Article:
(From collection of
Oddbjorn Solli).

June. 1999


- -



B. Southern Netherlands (nowadays Belgium)

The interesting points at the Belgium/Prussian border were:
1. Aachen (Prussian Border Office)
2. The border line itself.
3. Henri-Chapelle (Netherlands Border Office)

The local 1817 Netherlands tariff for letters to Belgium from Prussia was as follows:
From the border office (Henri-Chapelle) to:
Liege 2 Stuivers
Brussel 3 Stuivers
St.Nicolaas 4 Stuivers
Ostende 5 Stuivers
Letters with final destination in Henri-Chapelle paid 1 Stuiver.

In Belgium the system was not adopted exactly by the Memel Takca. Aachen was OK. Henri-
Chapelle was placed correctly at a distance of 1 Stuiver from the border line as described in the
Netherlands / Prussia convention of 1817. Finally all other offices in Belgium that were served from
Henri-Chapelle were placed correctly relative to Henri-Chapelle, which means that their postal rate
was 1 Stuiver too high in the Memel Takca.

Making a table of the deviations:

Post Office Memel Takca Should have been
Kop.Ass Kop.Ass
Aachen 309 309 OK
Henri-Chapelle 327 327 OK
Elsewhere the Memel Takca was 1 Stuiver too high.

Making a table to clear things up.
We see up-roundings like in the Northern Netherlands: that the equal steps in Stuivers (2/3 GG)
were not exactly copied in the Memel Takca, but were rounded up from amounts of 1/3 GG to the
nearest fraction of 1/8 GG.:

Post Office Local GG Rounded ...which Difference Memel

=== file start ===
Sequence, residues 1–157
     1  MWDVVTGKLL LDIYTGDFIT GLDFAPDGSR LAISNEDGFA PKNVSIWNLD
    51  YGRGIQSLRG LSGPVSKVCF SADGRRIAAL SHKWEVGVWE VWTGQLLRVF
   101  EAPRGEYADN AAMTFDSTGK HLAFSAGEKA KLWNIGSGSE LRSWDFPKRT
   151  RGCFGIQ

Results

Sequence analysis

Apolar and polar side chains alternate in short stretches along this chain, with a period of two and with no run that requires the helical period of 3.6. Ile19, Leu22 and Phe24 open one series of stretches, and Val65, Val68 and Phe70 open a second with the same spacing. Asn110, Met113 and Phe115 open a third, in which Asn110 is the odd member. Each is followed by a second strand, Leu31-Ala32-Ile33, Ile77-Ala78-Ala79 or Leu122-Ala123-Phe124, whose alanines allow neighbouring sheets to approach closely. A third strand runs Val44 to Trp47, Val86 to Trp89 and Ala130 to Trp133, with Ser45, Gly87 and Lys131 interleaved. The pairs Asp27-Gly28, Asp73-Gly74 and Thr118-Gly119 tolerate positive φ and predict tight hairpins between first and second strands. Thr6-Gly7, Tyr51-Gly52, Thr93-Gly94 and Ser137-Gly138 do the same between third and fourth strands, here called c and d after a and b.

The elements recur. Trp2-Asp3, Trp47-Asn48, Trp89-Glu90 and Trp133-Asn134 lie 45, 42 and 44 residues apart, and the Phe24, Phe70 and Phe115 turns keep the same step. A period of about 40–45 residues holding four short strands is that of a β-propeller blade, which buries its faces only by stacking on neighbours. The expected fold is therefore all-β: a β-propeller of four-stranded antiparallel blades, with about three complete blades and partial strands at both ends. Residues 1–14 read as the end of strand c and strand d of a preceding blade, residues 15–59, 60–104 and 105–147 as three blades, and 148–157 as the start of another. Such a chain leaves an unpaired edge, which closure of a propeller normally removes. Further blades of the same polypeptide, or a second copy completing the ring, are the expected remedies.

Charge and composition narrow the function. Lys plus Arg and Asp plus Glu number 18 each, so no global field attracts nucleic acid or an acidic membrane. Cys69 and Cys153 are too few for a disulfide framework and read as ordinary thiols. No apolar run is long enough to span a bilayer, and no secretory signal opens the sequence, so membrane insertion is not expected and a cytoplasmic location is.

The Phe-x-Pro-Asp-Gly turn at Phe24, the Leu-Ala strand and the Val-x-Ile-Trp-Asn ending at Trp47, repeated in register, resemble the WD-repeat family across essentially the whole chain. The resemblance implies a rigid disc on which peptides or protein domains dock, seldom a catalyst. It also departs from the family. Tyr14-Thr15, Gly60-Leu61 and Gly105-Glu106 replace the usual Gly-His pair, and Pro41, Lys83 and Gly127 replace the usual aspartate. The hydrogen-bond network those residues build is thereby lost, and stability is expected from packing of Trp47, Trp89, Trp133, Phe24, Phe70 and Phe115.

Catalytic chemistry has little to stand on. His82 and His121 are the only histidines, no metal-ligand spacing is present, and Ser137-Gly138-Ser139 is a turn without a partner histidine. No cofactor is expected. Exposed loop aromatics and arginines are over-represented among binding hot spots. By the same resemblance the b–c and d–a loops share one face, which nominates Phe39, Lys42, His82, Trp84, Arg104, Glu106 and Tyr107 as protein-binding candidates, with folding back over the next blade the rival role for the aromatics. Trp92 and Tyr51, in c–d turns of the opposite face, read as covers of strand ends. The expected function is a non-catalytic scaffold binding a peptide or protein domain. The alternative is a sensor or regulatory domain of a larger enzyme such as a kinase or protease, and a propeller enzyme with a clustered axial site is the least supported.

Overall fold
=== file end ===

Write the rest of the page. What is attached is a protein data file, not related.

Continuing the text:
1817 Up to equalled relative to Takca
Tariff Nearest in preceding Kop.Ass
Stuivers 1/8 GG Kop.Ass Office
Henri-Chapelle 327
Liege 2 1 1/3 1 3/8 33 33 360
Bruxelles 3 2 2 48 15 375
St.Nicolas; Dinant 4 22/3 26/8 66 18 393
Ostende 5 3 1/3 3 3/8 81 15 408

In 1818 the Netherlands changed the local tariff to higher rates. This change was adopted in 1826 by
Prussia itself; but Prussia and the Netherlands agreed that states like Russia. Saxony and several
Thurn & Taxis states that had introduced the 1817 relations in their tariffs could keep them. The
Memel Takca was not changed neither in 1818 nor in 1826. Yet. some changes can be observed in
Russia for unfranked, incoming letters; but this was not the concern of the Memel Takca.
June, 1999



i`YI B- ic_?-I;.. ~~

'~ ii;t


~~LP-- --~~_-- --~--~ -~I---- _I

Memel -
Foreign share


"f2 2/3" GG is the
Belgian share = 4 Stuivers
According to the 1817 table
S, (not the 1818 table).

6 gram excl.
8 gram excl.
- 11 gram excl.
- 15 gram excl.
- 20 gram excl.
- 25 gram excl.
- 30 gram excl.

Simple Letter
Simple Letter
Simple Letter
Simple Letter
Simple Letter
Simple Letter
Simple Letter

+ 1 D6cime

The Memel takca had a special weight progression table for letters to France. It was as follows:

Example: Bordeaux

1 1/ 2 2V 3 3/ 4 42
Loth Loth Loth Loth Loth Loth Loth Loth
Single letter 657 x 1233 x x x x x
Sealed letters included 990 x 1899 x x x x x

There are two reasons why the amounts are not exactly double:

*In France the correspondents could include even sealed letters without surcharge; also if the letters came
from Russia. In Russia and Prussia this would mean double postage. An exact doubling for the total
stretch was therefore not justified (compare 657 and 990; this is not a doubling for the enclosure of
sealed letters)
June, 1999

A -


The weight progression in France was (1802-1827):

_ ~~_l~s~_~^_~

1825 St. Petersburg -
St.Nicolas (Belgium)
Franked all the way.

Memel-Aachen 12 V GG
HenriChapelle /4 GG
St.Nicolas 2 % GG
From Memel 16 GG

=16 x 4 = Kop.Silv.: 64


*If we in France compare the postage for a 14 gram letter with a 28 gram letter (with the purpose to see
how France looked upon two letters that both in Russia and Prussia were paid according to the levels of 1